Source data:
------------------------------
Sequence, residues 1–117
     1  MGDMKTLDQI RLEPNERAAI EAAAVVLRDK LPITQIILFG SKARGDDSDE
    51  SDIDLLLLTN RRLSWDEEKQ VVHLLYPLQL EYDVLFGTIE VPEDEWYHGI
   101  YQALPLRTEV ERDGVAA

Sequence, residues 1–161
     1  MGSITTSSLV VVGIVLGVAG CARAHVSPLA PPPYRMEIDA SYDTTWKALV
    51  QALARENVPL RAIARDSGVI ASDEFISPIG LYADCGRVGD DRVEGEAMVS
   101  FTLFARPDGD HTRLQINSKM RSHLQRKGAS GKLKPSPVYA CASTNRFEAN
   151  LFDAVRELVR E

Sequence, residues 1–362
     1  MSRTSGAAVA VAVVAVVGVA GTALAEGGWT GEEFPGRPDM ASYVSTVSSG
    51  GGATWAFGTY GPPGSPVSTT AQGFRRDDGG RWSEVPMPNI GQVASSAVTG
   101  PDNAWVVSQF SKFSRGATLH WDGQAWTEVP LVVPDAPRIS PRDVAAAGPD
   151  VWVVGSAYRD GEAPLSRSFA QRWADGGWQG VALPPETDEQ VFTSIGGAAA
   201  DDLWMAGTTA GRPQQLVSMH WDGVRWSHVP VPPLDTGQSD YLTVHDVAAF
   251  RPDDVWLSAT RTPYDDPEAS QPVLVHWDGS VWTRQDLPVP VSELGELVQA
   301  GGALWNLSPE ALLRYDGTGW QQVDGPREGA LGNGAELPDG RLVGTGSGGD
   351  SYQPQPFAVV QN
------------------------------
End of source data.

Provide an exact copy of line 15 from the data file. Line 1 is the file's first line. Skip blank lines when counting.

   201  DDLWMAGTTA GRPQQLVSMH WDGVRWSHVP VPPLDTGQSD YLTVHDVAAF